Also, a band I played bass with tracked a live session in this jam room with a brilliant mix and mastering engineer who played guitars on the track as well. The room has been treated with packing foam, carpets, mattresses and three layers of curtains on the windows. The decrease in sound energy leaving the jam room was more apparent in the mids and highs, but evening walkers outside still heard the band practicing cause they could hear the kick, the bass, and the resonant head of the snare and toms.

Serenade No. 11 for winds in E flat major, K. 375

Just imagine: You play the clarinet and you would like to play some music with the girl next door who is playing the flute. You take her book, and with the two of you together you start to play the first melody on page one. How long do you think your performance will last? I guess: not longer than a second or three If a flute player sees the note C and plays it, you will indeed hear the note C, for flute is a non-transposing instrument. But if a B-flat clarinet player sees the note C and plays it, you actually don't hear a real C, but a B-flat.

The pitch of the note sounds a whole note lower than notated. As long as the clarinet player plays alone, or together with other B-flat instruments, it doesn't matter, but when a clarinet player wants to play along with a non transposing instrument, like a flute, a piano, a keyboard, a violin, or other C-instruments, than he should copy down his music on a separate sheet of paper and transpose it into another key, for only then it will fit together, only then will it sound well together with the other instruments.

How to do this exactly we will learn below.

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So: Don't do that! If you do, you will find out it really is not difficult. How to find out whether your instrument is a transposing instrument or not. Play a C on your instrument and compare the sound of it with a C played on a piano. If you discover that the note which was notated as a C for your instrument happens to be a B-flat on the piano, then you know your instrument is a B-flat instrument.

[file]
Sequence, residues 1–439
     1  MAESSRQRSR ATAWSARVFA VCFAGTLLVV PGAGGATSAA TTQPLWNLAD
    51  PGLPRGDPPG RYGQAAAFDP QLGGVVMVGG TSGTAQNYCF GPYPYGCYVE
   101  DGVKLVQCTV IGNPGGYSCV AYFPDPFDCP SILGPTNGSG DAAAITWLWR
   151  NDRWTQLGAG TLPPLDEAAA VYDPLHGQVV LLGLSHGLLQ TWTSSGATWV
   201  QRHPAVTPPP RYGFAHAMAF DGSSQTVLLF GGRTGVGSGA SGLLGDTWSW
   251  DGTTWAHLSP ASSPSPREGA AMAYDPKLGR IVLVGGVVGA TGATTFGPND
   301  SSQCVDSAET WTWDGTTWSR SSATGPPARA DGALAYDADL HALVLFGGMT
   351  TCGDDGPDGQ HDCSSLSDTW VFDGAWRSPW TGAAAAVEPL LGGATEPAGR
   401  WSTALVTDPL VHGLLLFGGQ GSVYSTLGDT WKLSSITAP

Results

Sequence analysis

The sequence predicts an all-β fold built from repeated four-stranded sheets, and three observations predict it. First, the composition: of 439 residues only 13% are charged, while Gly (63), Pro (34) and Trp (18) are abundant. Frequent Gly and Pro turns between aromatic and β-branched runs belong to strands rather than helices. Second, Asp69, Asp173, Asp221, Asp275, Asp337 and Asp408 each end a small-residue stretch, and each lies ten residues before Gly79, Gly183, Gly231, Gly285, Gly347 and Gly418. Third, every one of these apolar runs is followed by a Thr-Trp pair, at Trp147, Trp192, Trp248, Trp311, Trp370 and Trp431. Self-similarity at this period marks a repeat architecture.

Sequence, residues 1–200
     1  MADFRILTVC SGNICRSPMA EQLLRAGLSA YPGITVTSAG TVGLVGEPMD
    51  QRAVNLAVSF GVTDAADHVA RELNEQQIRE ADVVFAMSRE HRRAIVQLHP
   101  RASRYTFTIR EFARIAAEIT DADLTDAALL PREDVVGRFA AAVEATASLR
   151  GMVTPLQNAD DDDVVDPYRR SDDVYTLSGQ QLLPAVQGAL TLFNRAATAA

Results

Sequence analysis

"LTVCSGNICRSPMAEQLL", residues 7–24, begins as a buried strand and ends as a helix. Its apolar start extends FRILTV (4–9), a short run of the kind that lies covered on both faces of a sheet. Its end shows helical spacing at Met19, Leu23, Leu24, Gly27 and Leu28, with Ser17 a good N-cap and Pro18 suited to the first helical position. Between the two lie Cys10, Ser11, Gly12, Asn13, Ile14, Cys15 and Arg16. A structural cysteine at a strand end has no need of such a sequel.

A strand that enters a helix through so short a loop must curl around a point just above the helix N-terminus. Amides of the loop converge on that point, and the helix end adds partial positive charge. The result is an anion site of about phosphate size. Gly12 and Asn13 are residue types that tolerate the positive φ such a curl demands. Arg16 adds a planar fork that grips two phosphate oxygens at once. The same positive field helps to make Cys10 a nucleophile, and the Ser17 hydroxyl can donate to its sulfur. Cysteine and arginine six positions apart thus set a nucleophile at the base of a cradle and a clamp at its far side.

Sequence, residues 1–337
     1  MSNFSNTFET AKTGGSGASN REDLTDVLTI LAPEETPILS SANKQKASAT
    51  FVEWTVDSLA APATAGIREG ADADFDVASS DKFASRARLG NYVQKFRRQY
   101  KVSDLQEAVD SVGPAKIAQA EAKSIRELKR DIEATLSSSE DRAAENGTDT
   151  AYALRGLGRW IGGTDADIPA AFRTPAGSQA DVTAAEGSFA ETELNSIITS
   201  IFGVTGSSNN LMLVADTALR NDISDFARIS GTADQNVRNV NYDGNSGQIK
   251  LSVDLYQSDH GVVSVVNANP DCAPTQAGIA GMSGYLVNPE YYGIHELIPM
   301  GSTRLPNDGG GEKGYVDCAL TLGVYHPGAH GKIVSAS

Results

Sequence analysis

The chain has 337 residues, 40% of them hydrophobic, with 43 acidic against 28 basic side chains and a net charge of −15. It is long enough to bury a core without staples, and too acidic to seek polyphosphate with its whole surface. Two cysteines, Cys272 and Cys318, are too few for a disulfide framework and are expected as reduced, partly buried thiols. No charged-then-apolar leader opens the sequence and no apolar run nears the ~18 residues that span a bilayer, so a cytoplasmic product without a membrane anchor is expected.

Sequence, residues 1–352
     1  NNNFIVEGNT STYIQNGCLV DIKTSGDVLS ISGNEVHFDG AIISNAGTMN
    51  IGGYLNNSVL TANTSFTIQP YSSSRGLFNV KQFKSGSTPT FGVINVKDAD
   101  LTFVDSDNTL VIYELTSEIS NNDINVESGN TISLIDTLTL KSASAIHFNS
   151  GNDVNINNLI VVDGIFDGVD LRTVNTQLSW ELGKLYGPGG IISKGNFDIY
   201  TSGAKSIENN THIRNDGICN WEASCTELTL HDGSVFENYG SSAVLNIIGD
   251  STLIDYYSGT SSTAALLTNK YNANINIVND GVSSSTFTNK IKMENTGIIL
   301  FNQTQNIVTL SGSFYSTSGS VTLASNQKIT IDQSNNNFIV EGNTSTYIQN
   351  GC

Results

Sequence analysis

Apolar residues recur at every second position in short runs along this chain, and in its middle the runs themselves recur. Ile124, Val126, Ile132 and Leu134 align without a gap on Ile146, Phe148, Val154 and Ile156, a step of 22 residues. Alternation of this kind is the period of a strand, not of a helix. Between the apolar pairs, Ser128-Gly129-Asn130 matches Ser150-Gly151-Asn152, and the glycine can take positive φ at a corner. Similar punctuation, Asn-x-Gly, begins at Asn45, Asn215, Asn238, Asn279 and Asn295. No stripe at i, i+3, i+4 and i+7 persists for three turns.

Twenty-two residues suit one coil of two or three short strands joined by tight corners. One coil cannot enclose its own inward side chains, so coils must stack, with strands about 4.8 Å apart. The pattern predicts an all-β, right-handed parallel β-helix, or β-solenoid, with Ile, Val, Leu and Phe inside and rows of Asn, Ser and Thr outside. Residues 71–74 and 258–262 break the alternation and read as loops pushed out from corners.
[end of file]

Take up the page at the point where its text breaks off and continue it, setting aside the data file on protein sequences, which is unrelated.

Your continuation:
Is the C you played on your instrument an A on the piano? Then you have an A-instrument. You still can't find out? Ask your music teacher, or another person who plays the same instrument you do. You now know to which key you have to transpose?

Transposing Instruments

We need to transpose the violin melody to make it possible to play it on our E-flat instrument. So, take a sheet of music paper, a pencil and an eraser, then we can start.

Click here to print blank staff paper. You can't just copy out the flat, for we're going to write in another key, so we also need different flats or sharps than we had in our original music. The first question we'll have to ask ourself is: Which key signature do we need? In the example above we see one flat, this will become two sharps for an E-flat-instrument. So write on your sheet of staff paper a G-clef, the two sharps f-sharp and c-sharp and the time signature.

Therefore you look at the table below. Search on the left column for the sharps or flats as you find them in the original music, then you will find the key signature you need on the right for your E-flat instrument. Write down three sharps: F-sharp C-sharp and G-sharp.


One flat in the original music? Write down two sharps: F-sharp and C-sharp.

Two flats in the original music? Write down one sharp: F-sharp. Three flats in the original music? Write down one flat: B-flat. Five flats in the original music? Write down two flats: B-flat, E-flat. Six flats in the original music? Write down three flats: B-flat, E-flat, A-flat. Seven flats in the original music? Write down four flats: B-flat, E-flat, A-flat, D-flat. One sharp in the original music? Write down four sharps F-sharp, C-sharp, G-sharp, D-sharp.

Two sharps in the original music? Three sharps in the original music? Four sharps in the original music? You can check this with the table above. Step 2 - Copy down the notes in the right pitch. Take a look at your paper, what do we have? Just the clef, the key signature and the time signature. So now it's time for the second step: we're going to fill in the notes. When we think like that we realise that when we play a C and hear an E-flat, we know our instrument is playing a note two semi-tones lower than the written music. What would happen if we would write two notes below the C; an A, could that perhaps sound like a C?

So that's what we are going to do. Write out all the notes of our example melody, but in another pitch: exactly two notes three semi-tones below the printed music.